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dc.contributor.authorHamstra, Alice C.en_US
dc.date.accessioned2009-07-09T17:35:22Z
dc.date.available2009-07-09T17:35:22Z
dc.date.issued1998-07-09T17:35:22Z
dc.identifier.urihttp://hdl.handle.net/10464/1867
dc.description.abstractThe purpose ofthis qualitative study was to explore teachers' reflections on Multiple Intelligences theory and the processes they engage in when using the theory with elementary-aged exceptional students. FOllr public school teachers took part in the study. An introductory observation visit, semistructured in-depth interviews, field notes, and teachers' own written reflections served as data sources. Content-analysis was applied to review the data for thenles related to the research topic. The findings indicated several benefits of using Multiple Intelligences. This tlleory appeared to affect teachers' views of exceptionalleamers, directing the teachers' fOClIS to the students' potentials. It also seemed to have value for assisting teachers in planning an inclusive approacll, enhancing exceptional students' self-esteem, developing nletacognition, and prolTIoting cognitive engagement. Finally, the findings suggest that Multiple Intelligences has inlplications for teachers' professional development to reach a more diverse range of students.en_US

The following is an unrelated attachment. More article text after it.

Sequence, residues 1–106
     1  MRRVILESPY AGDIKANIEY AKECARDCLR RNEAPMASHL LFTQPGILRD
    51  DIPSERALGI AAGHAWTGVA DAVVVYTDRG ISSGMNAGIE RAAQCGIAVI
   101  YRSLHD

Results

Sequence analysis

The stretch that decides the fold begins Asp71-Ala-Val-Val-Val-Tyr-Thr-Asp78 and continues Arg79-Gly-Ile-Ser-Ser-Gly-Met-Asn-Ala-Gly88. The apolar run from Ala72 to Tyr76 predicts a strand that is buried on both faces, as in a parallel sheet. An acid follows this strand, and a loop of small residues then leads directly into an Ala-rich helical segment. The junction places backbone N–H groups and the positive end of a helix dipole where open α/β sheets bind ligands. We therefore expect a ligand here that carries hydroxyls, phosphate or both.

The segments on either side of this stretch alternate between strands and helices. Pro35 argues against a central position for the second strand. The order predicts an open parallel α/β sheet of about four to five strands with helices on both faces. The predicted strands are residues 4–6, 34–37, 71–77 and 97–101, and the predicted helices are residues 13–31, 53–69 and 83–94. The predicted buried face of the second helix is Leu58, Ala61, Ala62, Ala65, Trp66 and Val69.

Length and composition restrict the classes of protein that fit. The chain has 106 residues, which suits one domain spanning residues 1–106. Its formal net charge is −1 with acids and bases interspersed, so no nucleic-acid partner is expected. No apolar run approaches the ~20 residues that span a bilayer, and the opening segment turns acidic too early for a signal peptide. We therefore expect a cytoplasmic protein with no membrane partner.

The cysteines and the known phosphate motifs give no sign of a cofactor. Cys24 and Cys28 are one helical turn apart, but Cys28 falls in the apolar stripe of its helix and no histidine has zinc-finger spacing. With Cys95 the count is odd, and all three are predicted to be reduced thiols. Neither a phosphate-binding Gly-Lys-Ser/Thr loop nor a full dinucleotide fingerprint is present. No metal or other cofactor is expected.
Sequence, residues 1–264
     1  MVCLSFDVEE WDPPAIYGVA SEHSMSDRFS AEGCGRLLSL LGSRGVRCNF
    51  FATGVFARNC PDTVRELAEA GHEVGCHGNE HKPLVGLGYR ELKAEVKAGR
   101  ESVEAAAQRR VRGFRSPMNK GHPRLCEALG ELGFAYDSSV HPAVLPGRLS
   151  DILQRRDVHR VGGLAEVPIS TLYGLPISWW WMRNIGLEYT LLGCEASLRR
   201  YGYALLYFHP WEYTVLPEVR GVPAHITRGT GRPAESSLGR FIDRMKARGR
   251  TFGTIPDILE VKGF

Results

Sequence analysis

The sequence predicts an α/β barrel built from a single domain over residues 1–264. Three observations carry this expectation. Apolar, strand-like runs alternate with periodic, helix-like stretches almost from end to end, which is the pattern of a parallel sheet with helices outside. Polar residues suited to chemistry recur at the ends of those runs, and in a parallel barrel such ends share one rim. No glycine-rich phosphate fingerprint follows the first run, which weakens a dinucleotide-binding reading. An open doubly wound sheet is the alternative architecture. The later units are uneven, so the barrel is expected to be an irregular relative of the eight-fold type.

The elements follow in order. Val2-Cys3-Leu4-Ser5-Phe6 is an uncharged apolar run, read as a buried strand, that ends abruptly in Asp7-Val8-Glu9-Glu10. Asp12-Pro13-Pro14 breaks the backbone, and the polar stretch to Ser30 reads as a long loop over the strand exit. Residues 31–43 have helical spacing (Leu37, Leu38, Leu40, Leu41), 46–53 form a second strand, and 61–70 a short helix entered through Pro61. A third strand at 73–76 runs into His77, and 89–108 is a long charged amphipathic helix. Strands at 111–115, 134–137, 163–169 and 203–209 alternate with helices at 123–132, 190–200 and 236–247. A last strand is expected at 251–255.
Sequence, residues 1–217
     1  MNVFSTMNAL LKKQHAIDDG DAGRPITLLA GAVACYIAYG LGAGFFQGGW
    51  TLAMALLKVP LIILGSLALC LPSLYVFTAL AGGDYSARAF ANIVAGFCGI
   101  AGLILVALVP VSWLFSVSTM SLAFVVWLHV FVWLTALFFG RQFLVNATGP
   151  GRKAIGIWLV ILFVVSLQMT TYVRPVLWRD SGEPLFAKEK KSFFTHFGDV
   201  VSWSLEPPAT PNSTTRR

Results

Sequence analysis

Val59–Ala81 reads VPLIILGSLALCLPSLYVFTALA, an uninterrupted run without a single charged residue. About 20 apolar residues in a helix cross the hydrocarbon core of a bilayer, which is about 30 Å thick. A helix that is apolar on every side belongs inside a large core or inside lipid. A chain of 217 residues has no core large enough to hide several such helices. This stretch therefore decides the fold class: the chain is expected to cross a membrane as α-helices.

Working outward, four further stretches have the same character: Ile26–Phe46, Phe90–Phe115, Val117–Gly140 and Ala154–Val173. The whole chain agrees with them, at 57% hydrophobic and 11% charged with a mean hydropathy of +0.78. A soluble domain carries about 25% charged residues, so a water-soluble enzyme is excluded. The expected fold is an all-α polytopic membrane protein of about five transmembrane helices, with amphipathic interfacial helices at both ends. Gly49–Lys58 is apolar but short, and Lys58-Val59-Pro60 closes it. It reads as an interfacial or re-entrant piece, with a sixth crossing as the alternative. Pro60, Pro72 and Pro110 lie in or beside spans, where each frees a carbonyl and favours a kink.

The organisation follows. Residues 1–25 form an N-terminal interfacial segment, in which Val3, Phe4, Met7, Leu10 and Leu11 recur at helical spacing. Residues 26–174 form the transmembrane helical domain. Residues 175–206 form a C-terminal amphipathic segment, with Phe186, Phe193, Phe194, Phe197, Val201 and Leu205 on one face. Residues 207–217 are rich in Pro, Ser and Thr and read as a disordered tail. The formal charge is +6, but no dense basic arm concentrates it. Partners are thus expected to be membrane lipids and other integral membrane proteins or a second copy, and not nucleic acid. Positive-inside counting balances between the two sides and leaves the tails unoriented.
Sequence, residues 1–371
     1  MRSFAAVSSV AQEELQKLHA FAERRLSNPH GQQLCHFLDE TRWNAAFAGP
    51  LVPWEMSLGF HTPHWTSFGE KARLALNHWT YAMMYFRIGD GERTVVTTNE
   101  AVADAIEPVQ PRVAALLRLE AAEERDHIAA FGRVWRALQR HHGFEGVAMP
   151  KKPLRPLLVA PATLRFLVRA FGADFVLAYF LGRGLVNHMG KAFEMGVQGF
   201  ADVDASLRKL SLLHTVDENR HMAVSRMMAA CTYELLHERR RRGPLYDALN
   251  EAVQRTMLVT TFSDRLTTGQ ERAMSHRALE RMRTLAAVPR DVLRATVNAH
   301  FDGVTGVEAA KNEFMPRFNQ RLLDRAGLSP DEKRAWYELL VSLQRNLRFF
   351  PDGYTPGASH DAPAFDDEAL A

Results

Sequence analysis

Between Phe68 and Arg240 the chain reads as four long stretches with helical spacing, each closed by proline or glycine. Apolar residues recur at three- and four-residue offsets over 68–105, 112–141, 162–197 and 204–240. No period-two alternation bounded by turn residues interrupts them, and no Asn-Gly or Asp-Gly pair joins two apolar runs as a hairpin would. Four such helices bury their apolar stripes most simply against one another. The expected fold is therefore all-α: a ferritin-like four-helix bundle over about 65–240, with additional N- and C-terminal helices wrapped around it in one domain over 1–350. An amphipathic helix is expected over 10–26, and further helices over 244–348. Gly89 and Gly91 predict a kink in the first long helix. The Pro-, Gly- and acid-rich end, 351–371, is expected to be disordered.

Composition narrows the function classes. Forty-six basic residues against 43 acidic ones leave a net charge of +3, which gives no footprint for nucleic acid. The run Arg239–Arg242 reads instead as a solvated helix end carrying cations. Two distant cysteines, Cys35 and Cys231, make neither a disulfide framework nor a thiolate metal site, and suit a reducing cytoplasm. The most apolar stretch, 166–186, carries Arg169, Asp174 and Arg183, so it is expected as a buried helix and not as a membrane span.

dc.language.isoengen_US
dc.publisherBrock Universityen_US
dc.subjectIntelligence levels.en_US
dc.subjectGifted children--Education.en_US
dc.titleExploring teachers' use of multiple intelligences with elementary-aged exceptional studentsen_US
dc.typeElectronic Thesis or Dissertationen_US
dc.degree.nameMaster of Educationen_US
dc.degree.levelMastersen_US
dc.contributor.departmentDepartment of Graduate and Undergraduate Studies in Educationen_US
dc.degree.disciplineFaculty of Educationen_US


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